Nature primary program redefines the classroom

Christine Wood/Staff Writer / Staff writer
February 8, 2014 01:00 AM

Nature primary student Gaia Molnar-Hall writes in her journal while resting on a tree beside the Chapman Creek trail.

Forests, creeks, beaches and meadows aren't normally considered classrooms, but they've become regular places of learning for nature primary students at Davis Bay Elementary School.

The 33 nature primary students in kindergarten to Grade 3 have been involved in the nature program since its inception last September and teachers are praising the new curriculum.

"An ever-growing body of research affirms that children who grow up playing and learning in ways and spaces closely connected to the natural world grow up to develop habits of mind and ways of being that demonstrate sincere respect for their environment and the creatures in it," said nature primary program teacher Linda Russell.

"It affirms that these 'nature kids' develop greater self-esteem, confidence, resilience, resourcefulness and creativity. Most teachers also know that when the subject of children's learning is real and relevant to them, they don't need a further invitation to investigate. Personally I believe that learning is usually richer outside of classroom walls."

She and fellow nature primary teacher Jenny Groves take students outside daily from morning until lunch for experiential learning opportunities at places like Davis Bay beach, Mission Point Park or the Chapman Creek trails.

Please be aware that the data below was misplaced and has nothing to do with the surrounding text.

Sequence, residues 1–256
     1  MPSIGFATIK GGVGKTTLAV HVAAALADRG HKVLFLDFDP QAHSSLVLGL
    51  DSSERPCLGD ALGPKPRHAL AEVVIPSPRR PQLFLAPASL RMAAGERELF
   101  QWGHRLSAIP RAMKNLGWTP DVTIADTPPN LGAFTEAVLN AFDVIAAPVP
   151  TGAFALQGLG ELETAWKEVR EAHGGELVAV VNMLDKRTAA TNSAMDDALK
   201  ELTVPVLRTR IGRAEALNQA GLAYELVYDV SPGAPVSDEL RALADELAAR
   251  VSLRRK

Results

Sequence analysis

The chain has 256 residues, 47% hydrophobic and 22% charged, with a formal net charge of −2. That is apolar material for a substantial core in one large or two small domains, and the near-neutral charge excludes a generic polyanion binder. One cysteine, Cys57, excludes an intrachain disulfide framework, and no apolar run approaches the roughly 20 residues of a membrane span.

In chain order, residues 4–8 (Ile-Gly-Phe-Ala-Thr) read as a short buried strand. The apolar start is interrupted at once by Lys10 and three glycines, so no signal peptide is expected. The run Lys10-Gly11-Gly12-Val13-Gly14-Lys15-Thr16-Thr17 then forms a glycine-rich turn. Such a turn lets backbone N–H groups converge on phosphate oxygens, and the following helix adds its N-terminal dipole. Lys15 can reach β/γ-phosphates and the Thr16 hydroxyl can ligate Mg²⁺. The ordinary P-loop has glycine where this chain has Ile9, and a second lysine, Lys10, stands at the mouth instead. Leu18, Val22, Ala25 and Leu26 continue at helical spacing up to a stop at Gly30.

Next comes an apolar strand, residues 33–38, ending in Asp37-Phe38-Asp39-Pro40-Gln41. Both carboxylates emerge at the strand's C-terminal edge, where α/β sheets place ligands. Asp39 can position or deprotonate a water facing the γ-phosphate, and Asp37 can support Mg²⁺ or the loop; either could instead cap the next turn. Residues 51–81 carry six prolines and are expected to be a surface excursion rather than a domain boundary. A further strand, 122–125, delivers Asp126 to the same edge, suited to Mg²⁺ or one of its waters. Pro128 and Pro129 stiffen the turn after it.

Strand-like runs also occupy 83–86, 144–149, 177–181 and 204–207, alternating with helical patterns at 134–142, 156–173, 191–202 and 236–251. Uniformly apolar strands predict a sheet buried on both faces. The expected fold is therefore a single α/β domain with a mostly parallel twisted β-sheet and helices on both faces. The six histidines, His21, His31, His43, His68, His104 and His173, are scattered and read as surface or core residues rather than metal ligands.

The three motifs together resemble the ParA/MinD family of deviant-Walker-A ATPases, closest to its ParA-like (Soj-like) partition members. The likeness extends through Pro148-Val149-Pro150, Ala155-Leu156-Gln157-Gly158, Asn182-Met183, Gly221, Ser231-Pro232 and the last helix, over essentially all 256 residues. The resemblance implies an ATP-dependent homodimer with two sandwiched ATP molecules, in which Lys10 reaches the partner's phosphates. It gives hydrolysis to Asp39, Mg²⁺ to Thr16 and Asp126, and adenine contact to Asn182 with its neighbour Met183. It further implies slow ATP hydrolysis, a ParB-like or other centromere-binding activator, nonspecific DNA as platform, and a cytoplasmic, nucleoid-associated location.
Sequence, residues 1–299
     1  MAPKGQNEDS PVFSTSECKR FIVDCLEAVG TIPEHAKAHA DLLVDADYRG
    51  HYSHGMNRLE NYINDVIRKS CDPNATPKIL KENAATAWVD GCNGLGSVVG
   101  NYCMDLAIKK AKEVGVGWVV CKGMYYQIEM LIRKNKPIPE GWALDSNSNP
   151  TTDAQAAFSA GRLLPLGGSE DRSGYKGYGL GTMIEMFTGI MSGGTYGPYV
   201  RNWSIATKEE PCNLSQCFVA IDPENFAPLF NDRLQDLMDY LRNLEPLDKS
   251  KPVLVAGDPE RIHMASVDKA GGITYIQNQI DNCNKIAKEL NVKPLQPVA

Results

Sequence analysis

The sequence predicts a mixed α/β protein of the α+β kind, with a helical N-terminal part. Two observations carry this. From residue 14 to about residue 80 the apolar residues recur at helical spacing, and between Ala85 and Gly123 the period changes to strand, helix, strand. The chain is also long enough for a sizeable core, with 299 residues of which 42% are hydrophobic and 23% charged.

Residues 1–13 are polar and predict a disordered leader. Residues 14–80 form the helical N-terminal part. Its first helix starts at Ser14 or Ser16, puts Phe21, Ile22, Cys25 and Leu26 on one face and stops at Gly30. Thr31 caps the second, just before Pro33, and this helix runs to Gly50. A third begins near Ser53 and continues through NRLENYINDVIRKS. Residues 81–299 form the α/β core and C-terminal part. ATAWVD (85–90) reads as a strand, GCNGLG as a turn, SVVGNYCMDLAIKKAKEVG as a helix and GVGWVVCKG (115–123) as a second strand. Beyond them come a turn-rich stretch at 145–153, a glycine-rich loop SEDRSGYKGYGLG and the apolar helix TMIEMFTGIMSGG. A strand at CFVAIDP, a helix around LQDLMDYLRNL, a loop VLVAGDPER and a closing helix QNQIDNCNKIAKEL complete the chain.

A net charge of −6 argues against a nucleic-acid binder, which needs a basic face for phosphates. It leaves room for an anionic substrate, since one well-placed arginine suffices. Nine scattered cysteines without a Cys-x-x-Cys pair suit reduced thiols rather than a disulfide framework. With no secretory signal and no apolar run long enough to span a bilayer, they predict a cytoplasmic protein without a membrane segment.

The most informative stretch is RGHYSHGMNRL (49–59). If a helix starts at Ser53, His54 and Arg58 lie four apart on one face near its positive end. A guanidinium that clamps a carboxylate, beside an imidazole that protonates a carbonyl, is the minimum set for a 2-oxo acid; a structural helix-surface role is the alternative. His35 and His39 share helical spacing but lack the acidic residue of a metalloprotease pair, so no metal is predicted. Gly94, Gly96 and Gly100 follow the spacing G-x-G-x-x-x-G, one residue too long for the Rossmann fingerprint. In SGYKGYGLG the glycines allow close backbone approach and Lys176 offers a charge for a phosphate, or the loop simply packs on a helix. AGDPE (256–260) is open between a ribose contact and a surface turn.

The mornings outside make for more attentive students in the afternoon when they return to portable classrooms dubbed the cocoon and the hive.

"After a morning outside, 30 minutes of math indoors later on is met with eyes wide open, eagerness and clear thinking," Russell said. "I am amazed how quickly the children engage and pick up new concepts."

Nature primary students are taught all the same subjects other primary students learn, however the order in which they learn could vary because teachers take advantage of whatever learning opportunity presents itself.

"Place-based, experiential learning is at our philosophical core, and it demands some flexibility because places we visit constantly surprise us," Russell noted.

Principal Sally Thicke is pleased with the program, which she believes provides deeper connections for students than what's traditionally found in classrooms.

She wanted to bring the nature primary program to Davis Bay Elementary School because she saw the benefit of outdoor learning in her own life.

"Some of my own richest experiences have been learning in nature and in environmental programs," she said. "My desire was to find a way that every day would be rich outside and experiential for the kids. I think they are healthier and are developing more grit and know deeply what's around them."

To find out more about the nature primary program or to register a primary student for the upcoming school year, come to an information evening about the nature primary program on Feb. 11 at 7 p.m. at Davis Bay Elementary School.

More information can also be found at or by calling the school at 604-885-9523.

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